October 9, 2019

The Artist’s Resale Right in the U.S. & EU | IP Legal Update

After a successful series of back-to-back legal workshop events in Amsterdam, we visited &V, the Vroom & Varossieau street art gallery which is owned by Olivier Varossieau, the brother of our local counsel Lisette Varossieau. We spoke with the crew at &V about the legal issues and rights in the U.S. that European street artists face.

The Question: For the sale of artwork in the U.S., are European sellers obligated to pay artists a certain percentage on each sale as “artist’s resale rights”?

The artist’s resale right, also referred to as droit de suite, guarantees that artists will earn a fair share from the resale of their works. It is a royalty paid to visual artists, such as painters and sculptors, when their works are resold by art market professionals. This is meant to ensure that artists will benefit from the increase in value of their work. Unlike other categories of creators, such as writers and musicians, absent this right, visual artists would not benefit at all when their work was resold, beyond the first sale, which would arguably lead to an unjust outcome.

The resale right has many proponents, as well as opposers, with the first arguing that visual artists should not be treated any different than other artists, and the latter claiming that the price of art varies based on supply and demand, and that galleries incur substantial expenses in promoting artists.

Despite the importance of global recognition and harmonization, the right is not internationally recognized. It is recognized by the Berne Convention for the Protection of Literary and Artistic Works in Article 14ter, but it is not mandatory. Therefore it remains subject to national legislation.

The right has been incorporated in EU law through the Resale Rights Directive (2001/84/EC), which provides that:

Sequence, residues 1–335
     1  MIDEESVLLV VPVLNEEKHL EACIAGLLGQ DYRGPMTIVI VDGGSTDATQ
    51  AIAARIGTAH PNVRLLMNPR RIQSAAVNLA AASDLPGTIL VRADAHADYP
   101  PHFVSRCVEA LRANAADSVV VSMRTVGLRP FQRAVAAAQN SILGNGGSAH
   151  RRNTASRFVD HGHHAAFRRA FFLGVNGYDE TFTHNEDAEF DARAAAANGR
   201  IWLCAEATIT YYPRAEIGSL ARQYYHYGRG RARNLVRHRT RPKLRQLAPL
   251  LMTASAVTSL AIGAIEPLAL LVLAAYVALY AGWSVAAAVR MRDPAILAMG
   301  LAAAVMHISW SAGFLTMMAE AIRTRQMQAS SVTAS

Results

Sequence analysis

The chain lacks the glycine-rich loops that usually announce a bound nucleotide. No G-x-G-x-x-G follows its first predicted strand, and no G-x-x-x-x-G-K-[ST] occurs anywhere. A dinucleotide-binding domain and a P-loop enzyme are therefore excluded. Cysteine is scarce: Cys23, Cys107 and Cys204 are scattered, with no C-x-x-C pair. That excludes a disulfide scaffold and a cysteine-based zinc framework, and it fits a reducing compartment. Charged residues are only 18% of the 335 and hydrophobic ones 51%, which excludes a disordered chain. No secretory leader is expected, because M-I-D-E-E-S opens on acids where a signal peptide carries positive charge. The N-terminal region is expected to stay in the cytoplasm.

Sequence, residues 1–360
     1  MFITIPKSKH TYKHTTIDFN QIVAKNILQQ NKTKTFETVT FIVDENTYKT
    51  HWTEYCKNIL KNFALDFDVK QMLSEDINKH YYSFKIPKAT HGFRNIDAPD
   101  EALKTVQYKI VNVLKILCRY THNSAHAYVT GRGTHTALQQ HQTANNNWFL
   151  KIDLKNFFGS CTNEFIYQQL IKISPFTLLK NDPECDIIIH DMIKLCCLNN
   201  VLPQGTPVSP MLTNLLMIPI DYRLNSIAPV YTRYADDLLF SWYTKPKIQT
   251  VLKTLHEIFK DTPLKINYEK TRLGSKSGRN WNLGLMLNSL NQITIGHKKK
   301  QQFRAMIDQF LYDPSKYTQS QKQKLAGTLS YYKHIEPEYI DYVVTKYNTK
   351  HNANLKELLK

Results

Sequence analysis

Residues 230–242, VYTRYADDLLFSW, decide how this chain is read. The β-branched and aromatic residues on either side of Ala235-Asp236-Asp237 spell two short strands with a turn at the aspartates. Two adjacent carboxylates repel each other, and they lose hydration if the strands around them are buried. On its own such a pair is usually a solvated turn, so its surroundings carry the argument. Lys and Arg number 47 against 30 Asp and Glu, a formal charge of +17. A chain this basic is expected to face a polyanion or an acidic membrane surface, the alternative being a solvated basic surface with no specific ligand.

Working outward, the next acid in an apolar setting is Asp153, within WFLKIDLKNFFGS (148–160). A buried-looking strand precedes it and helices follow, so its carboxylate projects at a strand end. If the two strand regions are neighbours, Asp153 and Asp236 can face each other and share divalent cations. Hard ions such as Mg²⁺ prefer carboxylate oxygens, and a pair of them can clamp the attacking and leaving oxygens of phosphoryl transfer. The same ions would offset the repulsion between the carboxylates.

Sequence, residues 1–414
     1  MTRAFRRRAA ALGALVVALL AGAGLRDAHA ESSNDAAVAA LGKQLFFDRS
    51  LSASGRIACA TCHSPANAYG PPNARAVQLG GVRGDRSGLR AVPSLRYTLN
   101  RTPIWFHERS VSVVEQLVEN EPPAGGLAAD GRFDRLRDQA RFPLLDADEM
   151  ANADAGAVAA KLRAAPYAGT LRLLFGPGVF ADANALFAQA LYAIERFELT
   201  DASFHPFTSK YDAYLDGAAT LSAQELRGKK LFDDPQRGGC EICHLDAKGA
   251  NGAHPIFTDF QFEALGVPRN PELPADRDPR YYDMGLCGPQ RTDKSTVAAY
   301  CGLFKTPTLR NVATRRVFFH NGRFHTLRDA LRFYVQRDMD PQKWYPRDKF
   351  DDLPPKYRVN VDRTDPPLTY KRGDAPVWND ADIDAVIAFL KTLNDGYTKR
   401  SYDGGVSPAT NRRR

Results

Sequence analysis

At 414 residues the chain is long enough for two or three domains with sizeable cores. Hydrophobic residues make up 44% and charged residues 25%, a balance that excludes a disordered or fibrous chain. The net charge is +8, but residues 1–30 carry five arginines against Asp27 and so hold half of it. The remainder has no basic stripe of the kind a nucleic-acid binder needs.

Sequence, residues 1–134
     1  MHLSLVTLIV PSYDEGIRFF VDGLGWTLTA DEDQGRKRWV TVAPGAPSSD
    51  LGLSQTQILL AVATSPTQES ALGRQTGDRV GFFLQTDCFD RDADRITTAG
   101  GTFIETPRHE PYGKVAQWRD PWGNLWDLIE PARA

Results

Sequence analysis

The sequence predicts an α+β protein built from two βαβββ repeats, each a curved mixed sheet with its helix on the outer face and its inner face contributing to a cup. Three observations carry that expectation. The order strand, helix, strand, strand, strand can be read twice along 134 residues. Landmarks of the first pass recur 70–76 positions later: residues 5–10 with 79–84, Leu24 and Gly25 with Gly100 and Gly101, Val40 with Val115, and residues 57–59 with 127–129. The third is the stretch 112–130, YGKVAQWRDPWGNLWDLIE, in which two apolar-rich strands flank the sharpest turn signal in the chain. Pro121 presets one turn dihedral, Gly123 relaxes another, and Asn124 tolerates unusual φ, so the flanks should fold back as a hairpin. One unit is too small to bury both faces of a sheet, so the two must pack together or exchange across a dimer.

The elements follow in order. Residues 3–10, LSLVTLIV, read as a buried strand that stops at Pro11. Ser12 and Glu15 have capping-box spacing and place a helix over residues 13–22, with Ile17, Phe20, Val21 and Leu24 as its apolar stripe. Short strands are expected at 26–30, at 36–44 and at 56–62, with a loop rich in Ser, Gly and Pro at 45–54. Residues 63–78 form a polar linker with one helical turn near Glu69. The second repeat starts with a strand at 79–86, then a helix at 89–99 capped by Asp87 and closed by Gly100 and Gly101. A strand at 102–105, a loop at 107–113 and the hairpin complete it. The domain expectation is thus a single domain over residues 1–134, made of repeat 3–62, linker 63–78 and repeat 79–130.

“Member States shall provide, for the benefit of the author of an original work of art, a resale right, to be defined as an inalienable right, which cannot be waived, even in advance, to receive a royalty based on the sale price obtained for any resale of the work, subsequent to the first transfer of the work by the author.”

The protection afforded is reciprocal, in the sense that it is extended to third-country nationals only if legislation in the country of which the author is a national, permits the resale right protection in that country for authors from the Member States.

On the other hand, this right is currently not recognized in certain big art markets, notably including the U.S. and China. Specifically, in the U.S. resale rights for visual works are not recognized, so no royalties are paid to U.S. artists or artists whose works are sold in the U.S.Under the Copyright Act (the “Act”), 17 U.S.C. 101 et seq., visual artists, like other authors, are provided a bundle of exclusive rights, including rights to reproduce, distribute and create adaptations of their works. These rights, however, do not affect the disposition of the original work of authorship. Instead, the first sale doctrine, under 17 U.S.C. § 109, generally permits the lawful owner of a copyrighted work “to sell or otherwise dispose of the possession of that copy” and to “display that copy publicly . . .” without the authorization of the creator.

The State of California is the only U.S. State that instituted legislation to establish the rightin 1977 under the California Resale Royalty Act (“CRRA”). However, in 2018, the Ninth Circuit Court of Appeals eradicated the law on the basis that it was preempted by federal law under the 1976 Copyright Act. This decision, therefore, suggests that in order to establish artist’s resale right in the U.S., it must be through federal legislation.

Therefore, if works are sold in major art markets that do not recognize the right, artists and their heirs receive nothing at all. Also, artists from those countries cannot benefit from the right in countries where it does exist. If the works of art are to be sold in the EU, EU artists can invoke the provisions of the Directive, implemented through their national legislation. If, on the other hand, they are to be sold in the U.S. or in other countries where these rights are not recognized, EU artists cannot claim this royalty.

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